A small Catholic college in Riverdale, N.Y., last month got some news that sent shivers across religious higher education: part-time faculty have a right to form a union on campus.
But that wasn’t the worst of it. The National Labor Relations Board also isn’t convinced that the Catholic school is actually Catholic.
According to Elbert Tellem, the NLRB’s acting regional director, Manhattan College can’t prohibit adjunct faculty from unionizing because the school’s core purpose isn’t religious enough to trigger a labor law exemption.
Claiming an infringement of religious liberty, the school is appealing the decision. Observers say the case could have broad implications well beyond the picturesque campus at the northern tip of the Bronx.
Religious colleges, like their secular counterparts, increasingly rely on adjunct faculty in a bid to contain payroll costs, according to the Council of Independent Colleges (CIC). Nearly one in every four teachers at CIC schools has adjunct status, and a wave of unionization could drive up education costs as adjuncts demand higher pay and benefits.
"All colleges ... who are trying to figure out a way to make college affordable for students are going to be watching how this develops," said Michael Galligan-Stierle, president of the Association of Catholic Colleges and Universities. "Adjuncts are part of the equation."
The ramifications, however, could go deeper than finances.
Religious colleges are being warned, observers say, to show their core purpose is to “propagate religious faith” or else be treated as a secular enterprise. That could pose a special problem for liberal religious organizations, which seldom require students and faculty to endorse specific creeds or doctrines.
“If the basis for the ruling is that you have to be really sort of in-your-face Catholic in order to claim the exemption, that’s going to cause a huge incentive for every college in the Catholic tradition to start acting more on the conservative end of the Catholic spectrum,” said Eric Rassbach, national litigation director for the Becket Fund, a non-profit law firm that defends religious rights.
When Manhattan College was founded in 1853, the Brothers of the Christian Schools ran the school and held the majority of faculty positions. That changed over time. Now most faculty members are lay people, and they aren’t required to profess Catholicism.
The NLRB ruling, which noted the change, said federal oversight would not compromise the school’s religious freedom because its “stated purpose does not involve the propagation of a religious faith, teachers are not required to adhere to or promote religious tenets, (and) a religious order does not exercise control over hiring, firing, or day-to-day operations.”
If the school were more doctrinaire, the reasoning goes, then it would need freedom to employ only faithful Catholic faculty and NLRB involvement would entangle a government agency in religious affairs.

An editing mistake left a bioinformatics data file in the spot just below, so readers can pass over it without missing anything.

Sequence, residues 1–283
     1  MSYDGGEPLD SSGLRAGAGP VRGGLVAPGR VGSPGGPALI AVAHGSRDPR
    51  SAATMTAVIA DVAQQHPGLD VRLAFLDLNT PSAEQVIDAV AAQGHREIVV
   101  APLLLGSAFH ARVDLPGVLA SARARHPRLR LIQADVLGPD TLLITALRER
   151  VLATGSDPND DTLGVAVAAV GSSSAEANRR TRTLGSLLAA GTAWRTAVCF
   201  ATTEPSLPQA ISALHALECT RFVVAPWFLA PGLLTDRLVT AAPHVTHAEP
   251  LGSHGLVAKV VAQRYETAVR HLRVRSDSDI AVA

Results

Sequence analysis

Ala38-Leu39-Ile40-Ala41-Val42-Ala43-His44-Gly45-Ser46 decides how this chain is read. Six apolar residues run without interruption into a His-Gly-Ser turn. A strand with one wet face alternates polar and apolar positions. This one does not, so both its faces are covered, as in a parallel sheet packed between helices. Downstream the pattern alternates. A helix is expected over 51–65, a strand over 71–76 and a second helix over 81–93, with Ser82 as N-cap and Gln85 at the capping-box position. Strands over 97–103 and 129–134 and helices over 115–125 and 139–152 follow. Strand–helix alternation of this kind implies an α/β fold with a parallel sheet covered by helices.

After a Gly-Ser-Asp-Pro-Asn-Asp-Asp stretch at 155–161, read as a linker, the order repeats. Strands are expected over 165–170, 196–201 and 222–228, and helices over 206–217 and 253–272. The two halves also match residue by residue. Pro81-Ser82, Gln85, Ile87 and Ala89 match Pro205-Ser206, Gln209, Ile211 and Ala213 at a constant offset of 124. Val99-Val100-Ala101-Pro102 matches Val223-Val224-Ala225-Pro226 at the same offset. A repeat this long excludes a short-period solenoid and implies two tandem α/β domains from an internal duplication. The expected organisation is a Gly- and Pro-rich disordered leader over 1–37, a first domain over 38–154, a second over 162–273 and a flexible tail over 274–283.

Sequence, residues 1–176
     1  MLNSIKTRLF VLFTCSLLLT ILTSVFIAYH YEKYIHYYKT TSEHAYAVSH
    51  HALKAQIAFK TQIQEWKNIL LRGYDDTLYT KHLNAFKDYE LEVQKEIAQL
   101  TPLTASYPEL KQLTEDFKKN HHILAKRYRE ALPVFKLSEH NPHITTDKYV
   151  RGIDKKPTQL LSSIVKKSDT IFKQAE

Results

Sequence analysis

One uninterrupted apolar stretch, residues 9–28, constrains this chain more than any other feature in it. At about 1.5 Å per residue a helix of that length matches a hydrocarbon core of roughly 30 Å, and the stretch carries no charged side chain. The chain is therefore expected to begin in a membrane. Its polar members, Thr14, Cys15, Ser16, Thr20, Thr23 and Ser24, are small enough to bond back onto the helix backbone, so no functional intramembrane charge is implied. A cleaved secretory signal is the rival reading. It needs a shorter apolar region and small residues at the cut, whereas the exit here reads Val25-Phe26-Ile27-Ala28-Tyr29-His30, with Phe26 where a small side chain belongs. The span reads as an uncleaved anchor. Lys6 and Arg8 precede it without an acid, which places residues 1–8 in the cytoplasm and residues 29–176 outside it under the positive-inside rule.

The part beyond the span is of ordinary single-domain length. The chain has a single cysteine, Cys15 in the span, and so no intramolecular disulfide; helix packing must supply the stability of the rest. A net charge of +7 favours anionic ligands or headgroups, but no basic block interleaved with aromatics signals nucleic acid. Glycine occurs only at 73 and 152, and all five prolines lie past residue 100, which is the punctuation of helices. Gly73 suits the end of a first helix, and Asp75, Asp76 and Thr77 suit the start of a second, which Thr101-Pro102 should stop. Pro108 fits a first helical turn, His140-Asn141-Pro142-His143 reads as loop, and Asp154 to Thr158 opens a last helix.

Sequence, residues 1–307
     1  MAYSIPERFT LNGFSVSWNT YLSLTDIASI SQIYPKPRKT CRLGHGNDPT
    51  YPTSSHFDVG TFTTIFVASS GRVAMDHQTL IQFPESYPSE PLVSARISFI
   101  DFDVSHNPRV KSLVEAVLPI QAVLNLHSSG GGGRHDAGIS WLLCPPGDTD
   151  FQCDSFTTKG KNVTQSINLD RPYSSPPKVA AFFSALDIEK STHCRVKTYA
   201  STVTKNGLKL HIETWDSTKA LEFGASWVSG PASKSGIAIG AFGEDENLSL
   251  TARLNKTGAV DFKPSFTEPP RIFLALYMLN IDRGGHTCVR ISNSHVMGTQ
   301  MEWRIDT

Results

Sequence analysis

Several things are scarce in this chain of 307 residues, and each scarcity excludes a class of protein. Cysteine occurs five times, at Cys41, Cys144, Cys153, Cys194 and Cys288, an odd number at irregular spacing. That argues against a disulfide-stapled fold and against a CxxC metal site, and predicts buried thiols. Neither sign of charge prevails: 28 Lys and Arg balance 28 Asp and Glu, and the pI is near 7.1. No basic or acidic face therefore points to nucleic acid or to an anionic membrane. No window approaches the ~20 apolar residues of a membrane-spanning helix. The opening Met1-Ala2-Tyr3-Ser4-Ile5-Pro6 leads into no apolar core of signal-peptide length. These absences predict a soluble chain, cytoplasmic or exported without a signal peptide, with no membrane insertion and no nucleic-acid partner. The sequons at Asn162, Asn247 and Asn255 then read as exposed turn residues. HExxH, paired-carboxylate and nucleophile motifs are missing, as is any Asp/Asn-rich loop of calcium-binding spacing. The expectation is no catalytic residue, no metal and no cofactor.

Manhattan President Brennan O’Donnell argued in an open letter that the school is being penalized for embracing the spirit of the Second Vatican Council (1962-1965) through “intellectual openness” and a “welcoming spiritual environment.”
“The ruling suggests that the regional NLRB believes that the primary hallmarks of an authentic Catholic college or university are exclusionary hiring, a proselytizing atmosphere, and dogmatic inflexibility in the curriculum,” O’Donnell wrote.
Manhattan College officials declined to comment further.
Some religious liberty activists see the ruling as ominous new level of government intrusion. The case marks the first time an NLRB body has tried to force a religious institution to allow unions, Rassbach said.
In his view, regulators shouldn’t be in the awkward position of adjudicating whether a self-described Catholic college is in fact Catholic. That’s a decision for church authorities to make, he said.
The Archdiocese of New York recognizes Manhattan College as a Catholic institution, as does the Association of Catholic Colleges and Universities.
Others see little threat in the ruling. The regional NLRB is simply applying to adjunct faculty a legal standard for church-state separation that’s been in place for decades, according to Michael Broyde, an expert on church-state law at Emory University School of Law.
What’s new, Broyde suggested, is that Catholic colleges are being held accountable for letting their schools become more secular.
“There are more and more—particularly Catholic institutions—that are broadening their missions profoundly so that you’ll have an institution where neither the students nor the faculty are Catholic,” Broyde said.
Manhattan’s case now heads to the national NLRB offices in Washington as the school’s adjunct teachers are petitioning the school to drop its appeal.
Meanwhile, observers are debating what lessons religious colleges should derive from Manhattan College’s experience.
“I’m not that concerned about this ruling because there’s an easy way to avoid it: stay true to your religious mission and don’t drift away from it,” said Kevin Theriot, senior counsel for the Alliance Defense Fund, which provides legal representation in religious liberty cases. “The question for liberal organizations is: Are they staying true to their theological purposes?”
The Cardinal Newman Society, which polices orthodoxy on Catholic campuses, says the Manhattan case is a dangerous example of government overreach, but the group’s president, Patrick Reilly, sees a potential upside.
“These (government) actions are forcing Catholic institutions to re-evaluate what it means to be a genuinely religious institution,” Reilly said. “That may be a healthy thing.”
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